The shapes of spectral lines (spectral line shape or line profile) are of interest for analysis. Instruments that measure the brightness flux density of received electromagnetic radiation (EMR) reveal the shape of the line in terms of brightness graphed over wavelength or frequency. A general shape common to lines is something like a bell curve, from each side (higher and lower wavelengths), there is an upward curve, reaching a peak toward the center which may be rounded or sharp. For emission lines, this is the shape of the strength of the EMR across the line's wavelength, and for absorption lines, it is the opposite: instead of a hill-like shape, it is like an inverted hill, a valley with the same general shape up-side down. The tall central portion is termed the line's core and the edges are termed the wings. The relatively flat portion of the SED on either side of the line is termed the continuum.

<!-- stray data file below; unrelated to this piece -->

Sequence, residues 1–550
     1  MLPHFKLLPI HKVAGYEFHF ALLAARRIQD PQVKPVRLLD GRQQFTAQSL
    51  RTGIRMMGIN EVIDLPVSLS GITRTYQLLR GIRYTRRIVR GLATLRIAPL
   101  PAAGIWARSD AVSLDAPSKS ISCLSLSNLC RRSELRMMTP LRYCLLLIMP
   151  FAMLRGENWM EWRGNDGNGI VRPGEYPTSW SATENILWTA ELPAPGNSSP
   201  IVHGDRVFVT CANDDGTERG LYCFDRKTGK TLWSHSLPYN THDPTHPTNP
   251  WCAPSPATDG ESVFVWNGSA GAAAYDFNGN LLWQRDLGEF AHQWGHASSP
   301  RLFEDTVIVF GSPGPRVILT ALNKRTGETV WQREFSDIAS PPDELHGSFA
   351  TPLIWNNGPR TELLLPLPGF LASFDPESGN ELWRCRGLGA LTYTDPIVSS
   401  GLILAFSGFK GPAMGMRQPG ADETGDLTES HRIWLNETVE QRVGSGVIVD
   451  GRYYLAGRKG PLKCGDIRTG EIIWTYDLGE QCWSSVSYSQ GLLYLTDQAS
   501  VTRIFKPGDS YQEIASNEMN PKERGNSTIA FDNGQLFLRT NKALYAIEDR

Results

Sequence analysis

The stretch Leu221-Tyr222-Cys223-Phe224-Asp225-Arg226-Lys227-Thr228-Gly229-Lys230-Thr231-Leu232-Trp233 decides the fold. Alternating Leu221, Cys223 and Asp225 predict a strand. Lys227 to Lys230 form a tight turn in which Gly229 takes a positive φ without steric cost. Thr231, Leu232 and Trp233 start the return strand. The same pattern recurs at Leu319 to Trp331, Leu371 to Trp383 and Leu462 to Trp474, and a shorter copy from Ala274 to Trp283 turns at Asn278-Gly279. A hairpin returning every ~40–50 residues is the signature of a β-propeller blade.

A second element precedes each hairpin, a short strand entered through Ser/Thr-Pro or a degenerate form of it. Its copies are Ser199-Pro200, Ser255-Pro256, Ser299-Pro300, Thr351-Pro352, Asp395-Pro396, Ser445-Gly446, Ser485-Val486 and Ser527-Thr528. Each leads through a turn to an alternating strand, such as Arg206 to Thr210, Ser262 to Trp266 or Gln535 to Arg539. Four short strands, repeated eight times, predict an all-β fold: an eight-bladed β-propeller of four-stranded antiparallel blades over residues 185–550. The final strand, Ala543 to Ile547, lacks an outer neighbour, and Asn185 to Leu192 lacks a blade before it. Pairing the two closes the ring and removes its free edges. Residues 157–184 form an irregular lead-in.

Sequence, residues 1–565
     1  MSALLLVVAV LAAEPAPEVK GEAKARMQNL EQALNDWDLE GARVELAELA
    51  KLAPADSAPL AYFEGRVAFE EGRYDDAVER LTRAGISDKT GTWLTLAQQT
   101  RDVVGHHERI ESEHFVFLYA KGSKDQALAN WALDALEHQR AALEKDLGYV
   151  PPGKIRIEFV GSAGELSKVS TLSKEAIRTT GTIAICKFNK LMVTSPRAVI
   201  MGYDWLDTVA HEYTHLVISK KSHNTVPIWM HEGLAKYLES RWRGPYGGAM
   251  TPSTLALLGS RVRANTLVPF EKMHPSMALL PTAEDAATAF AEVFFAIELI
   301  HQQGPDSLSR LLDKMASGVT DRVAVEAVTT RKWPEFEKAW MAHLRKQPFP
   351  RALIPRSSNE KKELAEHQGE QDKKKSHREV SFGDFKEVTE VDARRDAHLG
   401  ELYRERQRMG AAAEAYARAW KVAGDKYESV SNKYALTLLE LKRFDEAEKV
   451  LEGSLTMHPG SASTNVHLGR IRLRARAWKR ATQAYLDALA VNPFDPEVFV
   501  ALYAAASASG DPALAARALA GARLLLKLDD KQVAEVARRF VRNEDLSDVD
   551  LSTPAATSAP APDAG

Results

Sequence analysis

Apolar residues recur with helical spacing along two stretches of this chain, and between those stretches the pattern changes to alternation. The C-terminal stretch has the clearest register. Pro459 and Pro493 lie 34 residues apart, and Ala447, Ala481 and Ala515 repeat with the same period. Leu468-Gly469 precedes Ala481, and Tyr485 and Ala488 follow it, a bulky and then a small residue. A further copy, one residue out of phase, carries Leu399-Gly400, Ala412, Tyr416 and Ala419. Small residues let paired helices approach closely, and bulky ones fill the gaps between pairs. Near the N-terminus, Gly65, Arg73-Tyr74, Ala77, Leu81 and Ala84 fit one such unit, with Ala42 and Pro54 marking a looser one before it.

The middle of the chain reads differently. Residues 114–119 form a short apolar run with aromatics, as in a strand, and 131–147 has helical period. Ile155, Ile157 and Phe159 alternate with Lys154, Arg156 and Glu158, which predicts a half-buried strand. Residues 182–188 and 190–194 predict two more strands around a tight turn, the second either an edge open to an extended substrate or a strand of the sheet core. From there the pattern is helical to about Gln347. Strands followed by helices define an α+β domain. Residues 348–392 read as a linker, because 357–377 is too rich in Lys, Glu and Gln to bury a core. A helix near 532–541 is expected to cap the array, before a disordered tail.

The particular shape of a given spectral line stems from characteristics of the source material and can be analyzed to determine information about those characteristics. Spectral lines stem from the fact that identical atoms or molecules emit or absorb an identical set of EMR wavelengths (such as the 656.3 nm H-alpha line from atomic hydrogen) so collections of many atoms/molecules produce EMR with these wavelengths added or subtracted. Any width of the line represents a divergence from this wavelength, making the line more than infinitely thin. The mechanisms that do this fall under the general term line broadening, and each adjusts the shape in a characteristic way. The term line shape function refers to a mathematical function that models a line, or models one or more broadening mechanisms. Current practice includes taking characteristics of possible source material and simulating the line it would produce (e.g., by appropriately combining line shape functions) to compare with observed lines.